Photos help tell the story of JFK's legacy


It was a different time. The country had the youngest president and first family in its history.
Americans liked that image and those pictures that so captivated America at the time still haunt the country 50 years later.

Seems hard to believe 50 years have passed since November 22, 1963, the day President John F. Kennedy was assassinated. And how many memories we have. It all seems to come down to pictures.

November 22, 1963 still evokes emotional reactions even today. We have seen all the pictures of the cheering crowds straining to see Jack and Jackie, but it didn't start that way.

Jacques Lowe the family's personal photographer, captured the frustrating early days of the campaign when no one knew who they were. In 1958 he was assigned to get a portrait of the candidate and encountered a tired man who did not want to cooperate.

The story is relayed at the Newseum in Washington, DC, which has an exhibition dedicated to the Kennedys - and how the news organizations at the time covered the event of his assassination.

"Fortunately Mrs. Kennedy brings Caroline down. It's like the difference between midnight and dawn here in his face," Patty Rhule, Senior Manager of the Newseum in Washington, DC, observed.

America liked the results and wanted to see more and Americans are still lining up at the Newseum to seem them 50 years later.

"If you could have gone to central casting and asked to pick the best person for a President and the best person for a First Lady and have two adorable children, I don't think you could have found a better family than they made," Rhule added.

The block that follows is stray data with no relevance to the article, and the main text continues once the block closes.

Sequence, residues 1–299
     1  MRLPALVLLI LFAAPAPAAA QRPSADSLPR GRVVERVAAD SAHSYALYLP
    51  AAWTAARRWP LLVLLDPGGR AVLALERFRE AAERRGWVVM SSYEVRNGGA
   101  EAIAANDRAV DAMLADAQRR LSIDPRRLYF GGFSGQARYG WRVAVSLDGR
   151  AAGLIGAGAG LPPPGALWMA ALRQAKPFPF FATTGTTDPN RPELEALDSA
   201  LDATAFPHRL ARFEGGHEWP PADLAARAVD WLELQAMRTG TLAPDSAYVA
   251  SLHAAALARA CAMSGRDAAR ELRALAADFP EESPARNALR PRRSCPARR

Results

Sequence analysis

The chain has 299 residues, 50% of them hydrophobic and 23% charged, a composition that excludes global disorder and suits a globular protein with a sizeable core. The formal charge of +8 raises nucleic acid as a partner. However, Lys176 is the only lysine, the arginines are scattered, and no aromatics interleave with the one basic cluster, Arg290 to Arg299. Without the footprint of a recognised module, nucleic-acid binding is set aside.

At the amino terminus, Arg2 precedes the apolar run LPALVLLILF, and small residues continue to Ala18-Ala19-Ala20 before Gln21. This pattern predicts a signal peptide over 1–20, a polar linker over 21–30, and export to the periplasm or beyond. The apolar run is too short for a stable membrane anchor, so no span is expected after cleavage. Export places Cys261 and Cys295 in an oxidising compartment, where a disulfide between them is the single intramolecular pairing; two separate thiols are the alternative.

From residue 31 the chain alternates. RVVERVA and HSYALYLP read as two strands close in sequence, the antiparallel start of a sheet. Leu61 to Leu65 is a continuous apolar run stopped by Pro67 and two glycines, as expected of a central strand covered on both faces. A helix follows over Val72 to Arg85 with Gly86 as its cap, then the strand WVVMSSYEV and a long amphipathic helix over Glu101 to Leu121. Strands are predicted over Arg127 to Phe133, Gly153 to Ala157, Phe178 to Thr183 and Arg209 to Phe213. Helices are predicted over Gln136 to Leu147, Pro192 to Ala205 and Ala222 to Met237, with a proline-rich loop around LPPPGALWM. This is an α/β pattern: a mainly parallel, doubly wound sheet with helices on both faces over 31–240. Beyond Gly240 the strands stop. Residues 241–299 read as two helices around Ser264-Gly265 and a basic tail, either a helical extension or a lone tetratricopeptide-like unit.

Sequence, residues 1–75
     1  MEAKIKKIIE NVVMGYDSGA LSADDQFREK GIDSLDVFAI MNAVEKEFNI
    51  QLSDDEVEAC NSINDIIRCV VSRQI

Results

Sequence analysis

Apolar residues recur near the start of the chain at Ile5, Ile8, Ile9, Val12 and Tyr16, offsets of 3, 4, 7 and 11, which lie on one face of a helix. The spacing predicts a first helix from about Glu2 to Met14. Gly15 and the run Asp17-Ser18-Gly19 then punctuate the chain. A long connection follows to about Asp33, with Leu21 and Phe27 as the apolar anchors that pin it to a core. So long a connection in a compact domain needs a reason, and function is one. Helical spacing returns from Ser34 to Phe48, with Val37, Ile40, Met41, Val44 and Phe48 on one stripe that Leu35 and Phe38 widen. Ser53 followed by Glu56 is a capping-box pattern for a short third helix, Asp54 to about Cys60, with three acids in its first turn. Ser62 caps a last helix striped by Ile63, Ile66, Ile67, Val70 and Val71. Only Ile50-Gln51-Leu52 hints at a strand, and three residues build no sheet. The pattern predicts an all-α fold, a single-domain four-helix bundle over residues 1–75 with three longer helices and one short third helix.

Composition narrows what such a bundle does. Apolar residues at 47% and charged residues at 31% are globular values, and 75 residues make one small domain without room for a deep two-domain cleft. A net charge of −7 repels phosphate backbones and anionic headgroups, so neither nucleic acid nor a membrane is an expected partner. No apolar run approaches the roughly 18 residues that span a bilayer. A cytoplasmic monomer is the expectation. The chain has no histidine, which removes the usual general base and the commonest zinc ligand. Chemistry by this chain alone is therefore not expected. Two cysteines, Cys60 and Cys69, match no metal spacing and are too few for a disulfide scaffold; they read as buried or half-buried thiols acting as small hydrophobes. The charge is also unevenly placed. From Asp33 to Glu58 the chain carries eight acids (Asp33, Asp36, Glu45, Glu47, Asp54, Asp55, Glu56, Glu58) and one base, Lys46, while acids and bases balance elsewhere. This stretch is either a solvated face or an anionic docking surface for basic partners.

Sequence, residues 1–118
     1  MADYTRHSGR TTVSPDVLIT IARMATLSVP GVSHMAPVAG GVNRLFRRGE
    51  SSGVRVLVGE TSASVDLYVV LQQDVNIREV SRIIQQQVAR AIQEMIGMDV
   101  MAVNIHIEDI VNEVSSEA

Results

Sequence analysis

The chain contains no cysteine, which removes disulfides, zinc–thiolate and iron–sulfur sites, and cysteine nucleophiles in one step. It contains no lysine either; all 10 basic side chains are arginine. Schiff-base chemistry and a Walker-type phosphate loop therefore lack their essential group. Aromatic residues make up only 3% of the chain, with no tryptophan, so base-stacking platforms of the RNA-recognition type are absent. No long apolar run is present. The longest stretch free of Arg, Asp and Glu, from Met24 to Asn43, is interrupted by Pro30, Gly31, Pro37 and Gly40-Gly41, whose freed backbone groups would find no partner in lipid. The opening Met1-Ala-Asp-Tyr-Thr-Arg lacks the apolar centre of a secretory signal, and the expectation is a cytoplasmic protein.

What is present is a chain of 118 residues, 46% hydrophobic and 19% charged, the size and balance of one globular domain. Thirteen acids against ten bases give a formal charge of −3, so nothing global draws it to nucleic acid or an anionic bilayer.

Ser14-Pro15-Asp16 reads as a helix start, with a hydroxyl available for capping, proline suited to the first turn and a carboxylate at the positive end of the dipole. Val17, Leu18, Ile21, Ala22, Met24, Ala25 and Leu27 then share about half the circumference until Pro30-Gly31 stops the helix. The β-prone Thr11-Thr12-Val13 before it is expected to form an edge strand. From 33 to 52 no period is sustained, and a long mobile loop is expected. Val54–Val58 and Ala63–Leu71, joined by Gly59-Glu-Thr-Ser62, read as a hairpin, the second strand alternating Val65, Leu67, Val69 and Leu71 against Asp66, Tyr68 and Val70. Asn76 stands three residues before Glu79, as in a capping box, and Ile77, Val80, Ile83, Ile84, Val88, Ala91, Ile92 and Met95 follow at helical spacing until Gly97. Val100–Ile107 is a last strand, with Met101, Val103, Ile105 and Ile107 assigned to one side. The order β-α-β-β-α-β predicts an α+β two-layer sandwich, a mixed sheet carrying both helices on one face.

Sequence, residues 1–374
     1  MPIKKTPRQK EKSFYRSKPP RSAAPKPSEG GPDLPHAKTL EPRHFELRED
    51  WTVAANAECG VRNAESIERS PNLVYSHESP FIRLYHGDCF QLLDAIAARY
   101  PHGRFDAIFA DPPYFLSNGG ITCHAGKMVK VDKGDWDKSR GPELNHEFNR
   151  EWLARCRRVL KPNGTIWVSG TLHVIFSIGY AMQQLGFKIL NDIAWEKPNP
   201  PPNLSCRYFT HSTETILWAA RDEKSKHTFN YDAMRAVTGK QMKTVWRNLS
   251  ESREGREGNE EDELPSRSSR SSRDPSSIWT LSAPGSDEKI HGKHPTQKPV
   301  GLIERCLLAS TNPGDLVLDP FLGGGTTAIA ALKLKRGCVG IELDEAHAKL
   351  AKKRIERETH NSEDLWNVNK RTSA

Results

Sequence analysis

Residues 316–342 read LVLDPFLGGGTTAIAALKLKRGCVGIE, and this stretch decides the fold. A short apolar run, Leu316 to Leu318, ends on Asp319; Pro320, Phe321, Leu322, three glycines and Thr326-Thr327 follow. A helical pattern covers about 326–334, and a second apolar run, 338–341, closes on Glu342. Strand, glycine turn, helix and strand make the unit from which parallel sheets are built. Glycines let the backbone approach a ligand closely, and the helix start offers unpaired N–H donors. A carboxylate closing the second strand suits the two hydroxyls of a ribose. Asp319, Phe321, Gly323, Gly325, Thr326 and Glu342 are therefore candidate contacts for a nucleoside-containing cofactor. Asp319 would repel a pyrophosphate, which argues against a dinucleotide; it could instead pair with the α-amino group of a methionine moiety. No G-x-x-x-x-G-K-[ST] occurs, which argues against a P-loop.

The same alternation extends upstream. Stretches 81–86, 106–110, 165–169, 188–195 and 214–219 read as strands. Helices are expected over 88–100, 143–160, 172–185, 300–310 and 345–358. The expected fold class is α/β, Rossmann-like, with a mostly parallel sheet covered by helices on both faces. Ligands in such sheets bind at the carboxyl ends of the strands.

Indianapolis man remembers

"It just gave you chills!" Bill Craft exclaimed. His pictures all laid out on his dining room table in Indianapolis are not professional but they are his. It was November 16, 1963. He was 21 years old serving on the USS Observation Island when President Kennedy choppered aboard off the coast of Florida in the Atlantic missile Range.

"Everyone was taking pictures like crazy," Craft remembered - because he was doing the same thing.

Kennedy had come to witness a test launch. "Here is a picture of him looking through the binoculars watching it go," Craft points out.

Did it make a difference that it was a Navy guy? "It did to me," Craft responded with a chuckle.

Six days later the crew would get the word that the commander in chief was dead. That knowledge is still pretty tough to take for Craft.

"Flash from Dallas. Catholic priests who were with the President say he President is dead. The President died 1 o'clock central standard time today here in Dallas," said the report playing on a television at the Newseum.

"It was hard to believe and today you know it's still hard to believe. The President of the United States was assassinated," he said in resigned disbelief.

It was the first time America had such intimate access to a president and the first family in life and in death. It's all there. In pictures.

Many of the pictures you just saw are from the Capturing Camelot display, at the Newseum in Washington, DC. Bill Craft says he plans to will his pictures to his children.